In the above circuit configuration, when a supply voltage VCC (e. g. 8 V) is applied to point a via a constant voltage circuit (not shown), a reference voltage VG (e g. 5 V) divided by the dividing resistor R1 and R2 is applied to the inversion terminal - of the comparator CP.

Further, as shown in FIG. 1(B), the sensor output voltage VS is determined to be less than 4 V, for instance.

Under the normal conditions, since the sensor output voltage VS within a range from 0 to +4 V and therefore is always lower than the reference voltage VG =+5 V, the inversion input voltage VG is higher than the non-inversion input voltage VS , so that the comparator CP outputs an L-voltage level signal. Consequently, the transistor TR is turned off, so that the trouble detecting circuit 2 is disconnected from the resistive sensor RS at point c ub/fug, 2. In other words, the sensor output voltage VS is directly supplied to the indicator 4 via the resistor R5 and the impedance converter 3 to indicate the sensor output voltage VS on the indicator dial 6.

In contrast with this, under the abnormal conditions, since the sensor output voltage VS exceeds the reference voltage VG =+5 V due to an increase in sensor resistance RS (the non-inversion terminal voltage VS exceeds the inversion terminal voltage VG), the comparator CP outputs an H-voltage level signal. In response to this signal, the transistor TR is turned on, so that the non-inversion input terminal of the impedance converter 3 is grounded down to a zero voltage level via the transistor TR, thus the indicator pointer 5 indicating a zero reading on the indicator dial 6 (E in the case of the fuel indicator). Therefore, the user can recognize the occurrence of some trouble with the indicator.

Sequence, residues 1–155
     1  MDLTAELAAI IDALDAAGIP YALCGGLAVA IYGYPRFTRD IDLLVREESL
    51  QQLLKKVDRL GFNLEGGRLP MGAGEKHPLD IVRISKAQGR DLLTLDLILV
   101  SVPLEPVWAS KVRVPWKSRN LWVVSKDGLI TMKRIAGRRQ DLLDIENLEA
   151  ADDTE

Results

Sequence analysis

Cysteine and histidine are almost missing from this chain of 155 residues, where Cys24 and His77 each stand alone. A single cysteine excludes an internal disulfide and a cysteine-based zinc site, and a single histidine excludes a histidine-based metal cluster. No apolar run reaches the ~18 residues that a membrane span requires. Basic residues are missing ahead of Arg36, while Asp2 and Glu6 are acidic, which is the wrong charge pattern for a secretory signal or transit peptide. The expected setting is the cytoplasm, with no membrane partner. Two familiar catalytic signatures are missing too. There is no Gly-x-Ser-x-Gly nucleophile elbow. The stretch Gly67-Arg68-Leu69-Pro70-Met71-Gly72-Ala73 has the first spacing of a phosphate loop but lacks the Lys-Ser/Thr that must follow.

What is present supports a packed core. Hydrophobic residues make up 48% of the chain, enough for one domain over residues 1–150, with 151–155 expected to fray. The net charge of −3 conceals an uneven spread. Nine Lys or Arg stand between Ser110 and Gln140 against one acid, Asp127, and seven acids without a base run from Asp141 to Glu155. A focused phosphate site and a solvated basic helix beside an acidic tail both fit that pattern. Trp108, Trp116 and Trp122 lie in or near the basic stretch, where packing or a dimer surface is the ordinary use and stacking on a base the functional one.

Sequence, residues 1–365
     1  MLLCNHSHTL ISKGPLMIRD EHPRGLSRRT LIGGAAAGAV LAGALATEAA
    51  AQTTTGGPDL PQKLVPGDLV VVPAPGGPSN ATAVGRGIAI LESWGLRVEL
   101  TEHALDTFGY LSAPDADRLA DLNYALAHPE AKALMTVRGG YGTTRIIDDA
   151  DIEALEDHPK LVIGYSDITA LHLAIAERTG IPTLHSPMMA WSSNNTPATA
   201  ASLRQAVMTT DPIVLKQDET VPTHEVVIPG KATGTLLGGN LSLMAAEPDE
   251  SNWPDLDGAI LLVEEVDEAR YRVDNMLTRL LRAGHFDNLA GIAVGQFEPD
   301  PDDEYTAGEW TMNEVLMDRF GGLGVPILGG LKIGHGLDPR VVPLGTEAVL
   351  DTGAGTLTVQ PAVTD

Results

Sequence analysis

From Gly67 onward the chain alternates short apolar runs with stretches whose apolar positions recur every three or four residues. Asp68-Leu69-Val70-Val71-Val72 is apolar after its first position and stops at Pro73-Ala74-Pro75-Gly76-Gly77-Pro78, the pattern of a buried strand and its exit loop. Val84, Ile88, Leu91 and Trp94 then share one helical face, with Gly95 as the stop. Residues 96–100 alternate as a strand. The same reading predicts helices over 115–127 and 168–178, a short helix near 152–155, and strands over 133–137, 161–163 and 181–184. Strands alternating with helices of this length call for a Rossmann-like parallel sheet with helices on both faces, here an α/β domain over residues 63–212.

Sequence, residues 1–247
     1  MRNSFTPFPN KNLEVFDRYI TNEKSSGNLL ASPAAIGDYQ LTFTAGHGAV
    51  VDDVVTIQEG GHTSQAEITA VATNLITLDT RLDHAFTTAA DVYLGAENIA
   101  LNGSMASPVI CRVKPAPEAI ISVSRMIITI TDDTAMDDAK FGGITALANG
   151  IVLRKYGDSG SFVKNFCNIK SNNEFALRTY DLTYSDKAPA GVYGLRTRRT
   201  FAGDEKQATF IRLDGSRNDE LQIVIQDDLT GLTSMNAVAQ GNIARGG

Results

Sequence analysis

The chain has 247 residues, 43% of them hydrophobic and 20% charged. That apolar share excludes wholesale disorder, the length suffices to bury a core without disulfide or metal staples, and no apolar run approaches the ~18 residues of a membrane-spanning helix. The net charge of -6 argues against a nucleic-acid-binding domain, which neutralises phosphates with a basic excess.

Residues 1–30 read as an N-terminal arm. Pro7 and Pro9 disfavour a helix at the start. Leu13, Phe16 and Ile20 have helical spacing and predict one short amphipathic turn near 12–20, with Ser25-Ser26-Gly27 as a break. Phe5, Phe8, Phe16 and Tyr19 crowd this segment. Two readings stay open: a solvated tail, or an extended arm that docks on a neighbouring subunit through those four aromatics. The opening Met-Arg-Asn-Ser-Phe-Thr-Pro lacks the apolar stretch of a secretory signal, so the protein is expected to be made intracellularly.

FIG. 3 is a second embodiment of the trouble detecting circuit according to the present invention, in which the comparator CP shown in FIG. 2 is replaced with a Zener diode ZD. That is, the sensor output voltage VS is applied to the base of the transistor TR via the Zener diode ZD and the resistor R4. The Zener voltage VZ of the Zener diode ZD is determined equal or higher (e.g. 4 to 4.5 V) than the normal sensor output voltage VS (e g. 0 to 4 V).

Under the normal conditions, since the Zener voltage VZ ≧ the sensor output voltage VS , the Zener diode ZD is kept turned off, so that the transistor TR is turned off to disconnect the trouble detecting circuit 2 from the resistive sensor RS. Accordingly, the sensor output voltage VS is directly applied to the indicator 4 via the impedance converter 3.

On the other hand, under the abnormal conditions, since the sensor output voltage VS ≧ the Zener voltage VZ plus the base-emitter voltage Vbe of the transistor TR, the Zener diode ZD is turned on, so that the transistor TR is turned on to connect the trouble detecting circuit 2 to the resistive sensor RS. Accordingly, the non-invention input terminal of the impedance converter 3 is grounded; as a result, the indicator pointer 5 indicates a zero reading.